U.S. Olympic team for Tokyo its second-largest in history, most women ever
The U.S. Olympic team for Tokyo will be its second-largest in history and is set to shatter the record for most women competing for any nation at a single Games.
The USOPC announced a team of 613 athletes on Tuesday, the most in Olympic history outside of host nations.
The roster is 627 athletes if including all of the athletes who can be substituted for strategic purposes during several team events, though it’s possible some of those athletes will not be used in competition. Here is that full list of qualified athletes.
It is the second-largest Olympic team in U.S. history behind 1996, when it had 648 athletes compete, according to Olympedia.org. That year, it automatically qualified in many sports as host nation.
It’s the fourth-largest team in history after hosts France in 1900, Great Britain in 1908 and the U.S. in 1996.
The U.S. has more women than men for a third time in history and for the third Summer Olympics in a row. The percentage of women -- nearly 54 -- is the largest in U.S. history. There are 329 women among the 613 athletes (and 338 out of the 627 list), set to shatter the record for any nation set by the 2016 U.S. Olympic team (291 women competed in Rio, according to Olympedia).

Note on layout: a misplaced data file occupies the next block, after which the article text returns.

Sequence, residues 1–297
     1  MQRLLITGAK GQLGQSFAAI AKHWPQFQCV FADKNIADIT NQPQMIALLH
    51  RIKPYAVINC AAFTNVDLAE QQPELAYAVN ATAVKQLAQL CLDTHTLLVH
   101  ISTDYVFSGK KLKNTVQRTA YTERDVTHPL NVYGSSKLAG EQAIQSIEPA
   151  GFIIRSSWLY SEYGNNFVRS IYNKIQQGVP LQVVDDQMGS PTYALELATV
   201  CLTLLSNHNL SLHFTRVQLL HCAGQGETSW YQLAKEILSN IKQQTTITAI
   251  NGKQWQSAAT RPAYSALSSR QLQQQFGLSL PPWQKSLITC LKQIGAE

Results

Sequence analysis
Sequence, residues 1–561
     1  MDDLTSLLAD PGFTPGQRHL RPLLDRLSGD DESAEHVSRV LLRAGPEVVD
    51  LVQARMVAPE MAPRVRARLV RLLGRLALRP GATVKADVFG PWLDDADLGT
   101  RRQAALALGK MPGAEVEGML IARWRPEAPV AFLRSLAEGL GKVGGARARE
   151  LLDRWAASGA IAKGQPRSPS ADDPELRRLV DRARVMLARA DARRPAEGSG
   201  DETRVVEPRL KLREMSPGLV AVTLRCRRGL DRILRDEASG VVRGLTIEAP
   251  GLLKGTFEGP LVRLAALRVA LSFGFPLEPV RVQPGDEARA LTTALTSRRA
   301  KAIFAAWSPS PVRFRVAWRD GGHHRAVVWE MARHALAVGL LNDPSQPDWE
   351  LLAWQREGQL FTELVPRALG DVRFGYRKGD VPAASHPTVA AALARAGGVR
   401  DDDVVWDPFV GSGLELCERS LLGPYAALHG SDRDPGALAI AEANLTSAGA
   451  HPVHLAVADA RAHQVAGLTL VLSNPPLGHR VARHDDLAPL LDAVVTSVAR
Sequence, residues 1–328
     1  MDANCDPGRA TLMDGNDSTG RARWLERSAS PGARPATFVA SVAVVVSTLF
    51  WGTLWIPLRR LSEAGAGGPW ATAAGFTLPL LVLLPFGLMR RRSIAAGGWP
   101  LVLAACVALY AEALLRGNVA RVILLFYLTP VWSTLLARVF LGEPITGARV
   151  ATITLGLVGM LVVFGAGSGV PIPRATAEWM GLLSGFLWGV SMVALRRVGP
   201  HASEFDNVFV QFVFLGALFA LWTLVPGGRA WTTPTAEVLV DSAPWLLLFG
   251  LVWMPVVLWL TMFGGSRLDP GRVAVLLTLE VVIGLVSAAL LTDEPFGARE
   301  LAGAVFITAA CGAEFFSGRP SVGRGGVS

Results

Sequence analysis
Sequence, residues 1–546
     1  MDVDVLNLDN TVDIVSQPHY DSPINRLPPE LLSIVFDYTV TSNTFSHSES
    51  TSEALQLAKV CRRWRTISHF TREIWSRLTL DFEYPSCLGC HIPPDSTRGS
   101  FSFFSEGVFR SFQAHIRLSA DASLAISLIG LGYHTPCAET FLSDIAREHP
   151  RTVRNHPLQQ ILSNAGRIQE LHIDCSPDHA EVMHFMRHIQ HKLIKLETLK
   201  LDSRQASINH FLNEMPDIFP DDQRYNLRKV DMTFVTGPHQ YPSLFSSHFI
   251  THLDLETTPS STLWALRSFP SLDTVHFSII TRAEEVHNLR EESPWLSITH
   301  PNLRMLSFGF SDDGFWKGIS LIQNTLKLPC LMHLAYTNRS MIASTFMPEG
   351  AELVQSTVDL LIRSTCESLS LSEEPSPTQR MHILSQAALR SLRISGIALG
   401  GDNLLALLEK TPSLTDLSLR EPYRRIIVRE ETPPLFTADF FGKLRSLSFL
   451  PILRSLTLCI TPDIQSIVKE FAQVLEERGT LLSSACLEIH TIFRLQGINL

ON HER TURF: More on a record Olympics for U.S. women
There are more athletes overall thanks to the record 339 medal events in Tokyo, up from 306 in Rio in 2016, with the re-addition of baseball and softball alone adding 39 U.S. athletes.
Equestrian Phillip Dutton will be the oldest and most experienced U.S. Olympian in Tokyo. Dutton is 57, set to be the oldest U.S. Olympian since 2008, and is going to his seventh Olympics. His first three were with his native Australia.
Dutton was also the oldest U.S. Olympian in Rio, where he won individual eventing bronze to become the oldest U.S. Olympic medalist since 1952.
After Dutton is a group of seven athletes set to compete in their fifth Olympics, including gold medalists Sue Bird, Diana Taurasi, Allyson Felix and Mariel Zagunis.
Swimmer Katie Grimes will be the youngest athlete on the team at age 15. She is set to become the youngest U.S. Olympian -- Summer or Winter -- since fellow swimmer Katie Ledecky in 2012. Grimes qualified in the same event as Ledecky did nine years ago (and again for Rio and Tokyo) -- the 800m freestyle.
Felix is the most decorated athlete on the roster with nine Olympic medals, one shy of the U.S. track and field record held by Carl Lewis. Bird and Taurasi own gold medals from all four of their Olympic events, making them the most successful in an event-for-event ranking on this U.S. team.
Stanford again is the college or university most represented with more than 30 athletes.
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